Overall, we didn't see that impact on managed services companies, of course, because they had subscription-type, longer-term contracts. They did see some contract attrition, or a higher rate of attrition than they normally would have, particularly if they were exposed to the hospitality and travel industries. For the most part, though, this was just a blip on the radar for recurring-revenue companies

The companies that didn't have that recurring revenue and saw a substantial hit in 2020 recovered really well at the end of the year. They went into 2021 growing and meeting their 2019 numbers. That has been a common trend among IT services companies.

It's interesting to note that many of the smaller services companies with contracts with large enterprises were more materially impacted. Because they served bigger clients, and those clients were pulling back to see how the dust would settle and then took longer to come back into the market after the dust did settle. Some of them saw a six-to-nine-month drought that was pretty material.

But the good news is, everybody is now back in sort of a boom period.

What solutions or platforms are hot right now?
Anything cloud is on fire, as you can imagine. Anyone who does cloud infrastructure or enablement, lift-and-shift, or parking workloads in the cloud is super busy. We know that digital transformation is accelerating, and anyone who hasn't made cloud transformations is feeling some pain.

In the case of the Microsoft stack, we really don't see it. The cloud is causing an inflection point where vendors who are, say, putting in a new back-office infrastructure aren't just looking at Microsoft's line. They're looking at everybody.

In other words, if you can spell "cloud," you're doing well; if you're doing anything legacy, you're probably not.

Regarding the state of the workforce, a lot is being made of people exiting their industries and not returning. If that something you're seeing?
We're seeing people exiting their jobs, but staying in their industries as independent contractors so they can have more flexibility, drive up their incomes as much as 20 percent and have more control of their destinies. It's been hard to keep people inside the company, so we're seeing stratospheric compensation plans hitting the market. In general, it's because of the very tight labor market for specialized skills. When demand is high, labor rates go up, which makes it very challenging to manage hiring.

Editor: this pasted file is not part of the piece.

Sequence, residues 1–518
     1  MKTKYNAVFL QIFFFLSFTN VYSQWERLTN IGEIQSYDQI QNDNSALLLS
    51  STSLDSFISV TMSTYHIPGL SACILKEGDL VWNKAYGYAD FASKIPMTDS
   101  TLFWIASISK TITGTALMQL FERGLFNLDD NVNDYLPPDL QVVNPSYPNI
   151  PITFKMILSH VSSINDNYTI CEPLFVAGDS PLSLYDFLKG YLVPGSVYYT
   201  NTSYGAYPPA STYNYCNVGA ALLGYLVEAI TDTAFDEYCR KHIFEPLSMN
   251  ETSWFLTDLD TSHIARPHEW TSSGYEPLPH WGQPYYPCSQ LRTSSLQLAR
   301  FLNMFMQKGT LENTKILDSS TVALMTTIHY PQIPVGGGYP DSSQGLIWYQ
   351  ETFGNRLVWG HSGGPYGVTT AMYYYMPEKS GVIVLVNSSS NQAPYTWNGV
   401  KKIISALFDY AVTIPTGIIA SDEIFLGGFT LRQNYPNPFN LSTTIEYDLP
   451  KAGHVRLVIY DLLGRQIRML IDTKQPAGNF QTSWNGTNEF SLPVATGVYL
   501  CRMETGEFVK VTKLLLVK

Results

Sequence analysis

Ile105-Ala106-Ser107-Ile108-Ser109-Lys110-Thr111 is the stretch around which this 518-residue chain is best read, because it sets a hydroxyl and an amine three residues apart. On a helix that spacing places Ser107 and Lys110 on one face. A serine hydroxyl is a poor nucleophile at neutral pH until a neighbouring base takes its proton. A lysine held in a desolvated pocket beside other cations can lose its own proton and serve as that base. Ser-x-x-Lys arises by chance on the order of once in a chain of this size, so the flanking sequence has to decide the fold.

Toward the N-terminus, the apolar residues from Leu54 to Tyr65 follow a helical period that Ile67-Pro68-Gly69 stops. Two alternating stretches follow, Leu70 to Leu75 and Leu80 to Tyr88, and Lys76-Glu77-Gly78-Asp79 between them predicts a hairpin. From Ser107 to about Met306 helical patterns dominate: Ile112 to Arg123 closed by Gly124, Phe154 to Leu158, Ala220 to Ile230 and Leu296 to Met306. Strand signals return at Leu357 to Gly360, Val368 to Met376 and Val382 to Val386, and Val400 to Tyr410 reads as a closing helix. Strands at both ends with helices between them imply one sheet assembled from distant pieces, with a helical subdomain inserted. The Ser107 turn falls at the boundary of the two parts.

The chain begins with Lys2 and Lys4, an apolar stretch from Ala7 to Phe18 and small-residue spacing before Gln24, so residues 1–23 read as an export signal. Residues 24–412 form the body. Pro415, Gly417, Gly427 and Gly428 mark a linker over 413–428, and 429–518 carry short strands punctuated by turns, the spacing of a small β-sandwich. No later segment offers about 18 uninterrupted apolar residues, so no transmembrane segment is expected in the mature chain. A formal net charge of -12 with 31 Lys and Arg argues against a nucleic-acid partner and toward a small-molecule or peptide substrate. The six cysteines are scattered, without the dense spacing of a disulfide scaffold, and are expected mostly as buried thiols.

Firms that were smart about implementing employee-centric programs -- things like work-from-anywhere policies, unlimited PTO or tuition reimbursement -- are doing much better than the firms that didn't. These have been tough times for firms that didn't make the remote work transition very well. Some have lost as much as 50 percent to independent contractor status and other things because they couldn't adjust effectively.

Speaking of independent contractors, at the recent Inspire partner conference, Microsoft CEO Satya Nadella talked about there being 470,000 Microsoft partners. It has been a long time since Redmond talked about its partner numbers, and a lot of these people are becoming independent contractors. Do these numbers pass the smell test?
There are probably between 30,000 and 40,000 firms out there with annual revenues of more than $5 million. But there are hundreds of thousands of firms with revenues under a million bucks. If you assume that the U.S. accounts for about 60 percent of the market, that would mean there's under 100,000 firms globally that are of material size -- no more than 70,000 or 80,000. That's still a lot of companies.

You've been watching the Microsoft partner channel for a while. How would you characterize the health of that channel in terms of companies that are steering relatively close to Redmond, as well as their opportunities and the support they're getting? How do things look to you in that regard?
They look great! Microsoft has always been one of the top two -- along with Salesforce -- in terms of how they manage their channel. I think Microsoft partners do pretty well.